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State-of-the-Heart Technology: Nuclear Heart Scan

When Flagstaff resident Kathy Sereno began having chest pains and heart palpitations, she wanted to find out immediately what was going on. Kathy’s physician referred her to the Heart & Vascular Center of Northern Arizona (HVCNA).

Little did Kathy know when she walked into HVCNA she would have access to world-class physicians as well as the most sophisticated technology available to detect heart conditions.

After meeting with Kathy, interventional cardiologist Omar Wani, M.D., suggested Kathy undergo
a nuclear heart scan to see how efficiently her heart was working. She was thrilled to learn the test did not require surgery or hospitalization and could be completed in just a couple hours at the HVCNA clinic, through the use of HVCNA’s state-of-the-art heart scan system.

Nuclear Heart Scan
A nuclear heart scan, like the one Kathy had, provides important information about the heart. A small amount of a radioactive substance called a tracer is injected into the bloodstream through an IV in the arm; the tracer travels to the heart.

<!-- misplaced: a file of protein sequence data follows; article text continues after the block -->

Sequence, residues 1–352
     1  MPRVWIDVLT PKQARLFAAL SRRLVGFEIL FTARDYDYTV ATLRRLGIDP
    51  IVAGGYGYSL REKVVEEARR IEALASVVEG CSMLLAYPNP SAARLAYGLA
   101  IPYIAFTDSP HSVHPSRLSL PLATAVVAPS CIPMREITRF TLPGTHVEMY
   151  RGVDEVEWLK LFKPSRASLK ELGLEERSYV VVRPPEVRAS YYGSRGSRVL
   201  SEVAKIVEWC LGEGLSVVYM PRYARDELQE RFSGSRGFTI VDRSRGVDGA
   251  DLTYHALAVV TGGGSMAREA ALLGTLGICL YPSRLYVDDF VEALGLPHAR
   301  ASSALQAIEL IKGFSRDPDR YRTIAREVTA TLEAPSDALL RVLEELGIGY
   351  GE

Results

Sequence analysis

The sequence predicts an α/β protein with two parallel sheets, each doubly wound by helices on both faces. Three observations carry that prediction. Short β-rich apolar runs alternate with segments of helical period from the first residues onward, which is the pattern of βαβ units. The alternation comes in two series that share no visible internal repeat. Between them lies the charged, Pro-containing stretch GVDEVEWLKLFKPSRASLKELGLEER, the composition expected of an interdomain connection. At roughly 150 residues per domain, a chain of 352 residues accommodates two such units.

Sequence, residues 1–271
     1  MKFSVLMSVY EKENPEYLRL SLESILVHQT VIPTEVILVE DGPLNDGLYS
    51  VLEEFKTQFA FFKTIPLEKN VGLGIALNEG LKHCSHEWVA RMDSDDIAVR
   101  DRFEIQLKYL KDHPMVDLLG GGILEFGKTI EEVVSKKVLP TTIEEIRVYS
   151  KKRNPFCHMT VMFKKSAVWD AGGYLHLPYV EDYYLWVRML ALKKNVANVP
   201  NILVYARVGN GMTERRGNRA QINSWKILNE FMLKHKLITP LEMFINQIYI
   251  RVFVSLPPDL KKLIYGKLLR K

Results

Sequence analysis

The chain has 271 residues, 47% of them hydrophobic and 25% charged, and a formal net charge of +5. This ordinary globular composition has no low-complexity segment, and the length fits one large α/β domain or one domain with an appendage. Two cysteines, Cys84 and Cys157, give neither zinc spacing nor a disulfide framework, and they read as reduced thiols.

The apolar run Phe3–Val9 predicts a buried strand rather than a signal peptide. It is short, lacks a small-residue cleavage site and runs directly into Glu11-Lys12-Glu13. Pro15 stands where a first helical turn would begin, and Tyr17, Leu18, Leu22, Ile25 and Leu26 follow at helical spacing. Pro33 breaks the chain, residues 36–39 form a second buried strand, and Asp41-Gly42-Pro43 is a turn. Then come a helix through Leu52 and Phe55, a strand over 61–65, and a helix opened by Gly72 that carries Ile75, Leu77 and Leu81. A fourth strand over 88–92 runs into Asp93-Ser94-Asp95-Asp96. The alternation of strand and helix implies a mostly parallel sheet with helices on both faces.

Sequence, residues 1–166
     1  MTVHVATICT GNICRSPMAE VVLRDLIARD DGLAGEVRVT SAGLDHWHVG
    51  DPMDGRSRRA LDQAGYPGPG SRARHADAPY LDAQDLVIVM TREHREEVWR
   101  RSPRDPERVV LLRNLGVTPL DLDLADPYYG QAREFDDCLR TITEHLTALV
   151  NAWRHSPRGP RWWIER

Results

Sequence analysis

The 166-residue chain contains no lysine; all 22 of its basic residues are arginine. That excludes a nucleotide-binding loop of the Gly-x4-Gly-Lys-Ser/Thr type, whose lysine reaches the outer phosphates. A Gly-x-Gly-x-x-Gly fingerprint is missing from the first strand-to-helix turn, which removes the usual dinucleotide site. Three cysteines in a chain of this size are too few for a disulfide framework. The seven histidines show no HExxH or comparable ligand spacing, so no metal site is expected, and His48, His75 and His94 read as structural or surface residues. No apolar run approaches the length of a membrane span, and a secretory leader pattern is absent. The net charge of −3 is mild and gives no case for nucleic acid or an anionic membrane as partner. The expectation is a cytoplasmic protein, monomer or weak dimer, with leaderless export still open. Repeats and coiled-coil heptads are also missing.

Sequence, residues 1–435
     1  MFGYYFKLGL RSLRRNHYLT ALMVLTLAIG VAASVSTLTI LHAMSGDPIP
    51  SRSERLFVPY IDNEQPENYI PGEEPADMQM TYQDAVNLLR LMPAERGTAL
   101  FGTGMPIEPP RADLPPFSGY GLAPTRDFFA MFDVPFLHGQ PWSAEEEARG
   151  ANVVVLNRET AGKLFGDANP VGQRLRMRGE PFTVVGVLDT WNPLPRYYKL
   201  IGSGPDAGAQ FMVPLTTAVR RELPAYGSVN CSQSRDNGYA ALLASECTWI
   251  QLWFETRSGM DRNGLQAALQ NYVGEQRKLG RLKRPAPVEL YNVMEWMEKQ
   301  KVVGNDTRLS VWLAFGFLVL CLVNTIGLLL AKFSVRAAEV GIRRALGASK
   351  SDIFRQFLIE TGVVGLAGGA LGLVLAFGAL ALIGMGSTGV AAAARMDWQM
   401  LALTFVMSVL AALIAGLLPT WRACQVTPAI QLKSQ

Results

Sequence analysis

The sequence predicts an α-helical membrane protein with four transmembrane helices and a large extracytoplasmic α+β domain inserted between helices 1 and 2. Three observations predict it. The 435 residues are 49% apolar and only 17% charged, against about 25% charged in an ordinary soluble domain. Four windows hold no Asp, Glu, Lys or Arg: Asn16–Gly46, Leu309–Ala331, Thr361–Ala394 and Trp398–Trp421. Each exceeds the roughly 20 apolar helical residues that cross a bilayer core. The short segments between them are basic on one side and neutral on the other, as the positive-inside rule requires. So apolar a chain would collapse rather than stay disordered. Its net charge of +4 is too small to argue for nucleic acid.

A special camera, called a cardiac gamma camera, detects the tracer in the heart and uses it to create advanced images of the heart. Unlike MRI and CT scans that give structural information, nuclear heart scans provide information about the health of the heart and blood flow through
the heart.

HVCNA’s state-of-the-art DSPECT* Cardiac Gamma Camera system utilizes the latest in diagnostic
technology. The advanced system requires less radioactive tracer, yet it produces images with twice the resolution of similar cameras in less time than other systems. Additionally, the patient is able to sit in a natural, comfortable upright position during the scans.